Downplaying accountability at Samoa’s peril

By The Editorial Board 25 May 2022, 6:00AM

For a political party that tightly keeps its internal squabbles behind closed doors, seeing the story of a Human Rights Protection Party M.P. telling a colleague not to interfere, is rare for members of the former ruling party.

The article (“Stop disturbing and interfering”) in the Tuesday 24 May 2022 edition of the Samoa Observer would have raised eyebrows among political pundits and party faithful when it came out on Tuesday.

Senior H.R.P.P. Member Alai’asa Sepulona Moananu, currently a member of a Special Parliamentary Inquiry Committee that investigated anomalies in the Land and Titles Court Acts, expressed disappointment at comments made by his party secretary Lealailepule Rimoni Aiafi.

“We were all part of the investigation as members and if there are [internal] debates, it’s on some matters but we work together as the Committee," he said.

“But he [Leala] has no business to interfere with our work, he is overstepping [the boundary] and disturbing the peace.” 

Leala in a story (Hold debate on the Committee’s report: Opposition) for the Monday 23 May 2022 edition of the Samoa Observer had called for the parliament to give priority to debating the findings highlighted in the Committee's report.

He claimed some of the findings highlighted by the Committee’s report that this newspaper exclusively published in recent days was “giving people the wrong idea”.

"Parts of it [Committee’s report] have already been published, giving people the wrong idea," Leala said.

However, Alai’asa reminded Leala that it is within the Speaker’s authority to state the date for the Legislative Assembly’s discussion on the Committee’s report. 

“It’s not for a Member of Parliament to say or have authority over it,” he said.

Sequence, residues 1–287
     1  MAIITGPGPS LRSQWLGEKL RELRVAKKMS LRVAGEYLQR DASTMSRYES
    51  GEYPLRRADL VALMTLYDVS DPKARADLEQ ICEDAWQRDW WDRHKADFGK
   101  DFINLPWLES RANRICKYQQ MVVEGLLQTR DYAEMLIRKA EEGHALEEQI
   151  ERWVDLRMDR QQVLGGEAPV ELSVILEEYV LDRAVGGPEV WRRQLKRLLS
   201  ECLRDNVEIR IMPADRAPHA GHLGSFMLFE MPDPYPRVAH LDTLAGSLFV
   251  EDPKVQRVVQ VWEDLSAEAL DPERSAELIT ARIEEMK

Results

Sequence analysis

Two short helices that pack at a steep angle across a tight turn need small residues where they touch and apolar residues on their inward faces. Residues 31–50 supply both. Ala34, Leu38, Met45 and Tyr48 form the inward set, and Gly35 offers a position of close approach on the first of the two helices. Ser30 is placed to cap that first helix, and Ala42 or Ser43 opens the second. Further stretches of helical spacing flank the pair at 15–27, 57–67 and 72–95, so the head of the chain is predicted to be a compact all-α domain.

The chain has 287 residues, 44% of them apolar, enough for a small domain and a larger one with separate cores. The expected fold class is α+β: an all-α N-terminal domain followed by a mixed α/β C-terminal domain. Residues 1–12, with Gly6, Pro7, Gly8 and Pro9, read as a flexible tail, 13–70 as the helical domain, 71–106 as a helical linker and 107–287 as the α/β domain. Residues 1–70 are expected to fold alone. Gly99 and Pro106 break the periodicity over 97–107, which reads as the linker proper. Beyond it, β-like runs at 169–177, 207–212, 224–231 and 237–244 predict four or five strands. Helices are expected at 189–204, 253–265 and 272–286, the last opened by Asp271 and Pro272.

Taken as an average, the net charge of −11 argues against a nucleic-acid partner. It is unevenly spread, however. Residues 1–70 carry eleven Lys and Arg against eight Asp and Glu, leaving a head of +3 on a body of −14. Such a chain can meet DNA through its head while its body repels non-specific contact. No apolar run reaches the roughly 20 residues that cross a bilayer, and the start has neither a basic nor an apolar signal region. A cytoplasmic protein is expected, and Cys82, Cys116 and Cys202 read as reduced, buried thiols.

The response by the Anoama’a No. 1 Member, questioning the rationale behind Leala demanding the Committee’s report be debated, puts the spotlight on the H.R.P.P. and the integrity of its executive members including Leala.

 Alai’asa is correct. The business of parliament should reign supreme over party politics. It is also the Speaker’s discretion to decide when to debate the findings of the Committee’s report. 

We commend Alai’asa for putting the nation's interest above that of his political party when he affirmed that he is part of a Committee, and while they [Committee members] had their “debates”, they still worked together.

That is what we call leadership with integrity as it is about working together for the common good of the people and the nation.

In that regard we are not sure about the insinuations that Leala is making, when he told this newspaper last Saturday: “Parts of it [Committee’s report] have already been published, giving people the wrong idea.”

As an M.P. in the previous parliament and being privy to major policies promulgated by the former H.R.P.P. Administration – which included the formulation and passing of the controversial L.T.C. Bills in the last parliament – it appears the Faleata No. 3 M.P. is on a mission to set the record straight as he claimed the Committee's findings “gave people the wrong idea.”

So was it wrong for the Committee to recommend that those public officials behind the amending of the Constitution Amendment Act 2020 and Land and Titles Act 2020 – after the two laws’ passing in parliament in December 2020 – be charged by the relevant authorities?

Or was it wrong for the Committee to recommend that the L.T.C. constitutional amendments that led to the restructuring of the L.T.C. and the Judiciary be repealed?

And was it wrong for the Committee to call out public officials behind the Office of the Clerk of the Legislative Assembly (O.C.L.A.) and rubbish their “administrative errors” findings following an internal investigation by the Office?

It is a tragedy that the H.R.P.P. executive member is of the impression that the Committee’s findings “gave people the wrong idea”, when its findings in actual fact uncovered flagrant abuse of the country’s legislative processes.

At the end of the day Samoa’s laws were broken and a number of public officials, including those who previously served in those key positions and were privy to the discussions which led to their indiscretions, should be held to account.


By The Editorial Board 25 May 2022, 6:00AM
Samoa Observer

Upgrade to Premium

Subscribe to
Samoa Observer Online

Enjoy unlimited access to all our articles on any device + free trial to e-Edition. You can cancel anytime.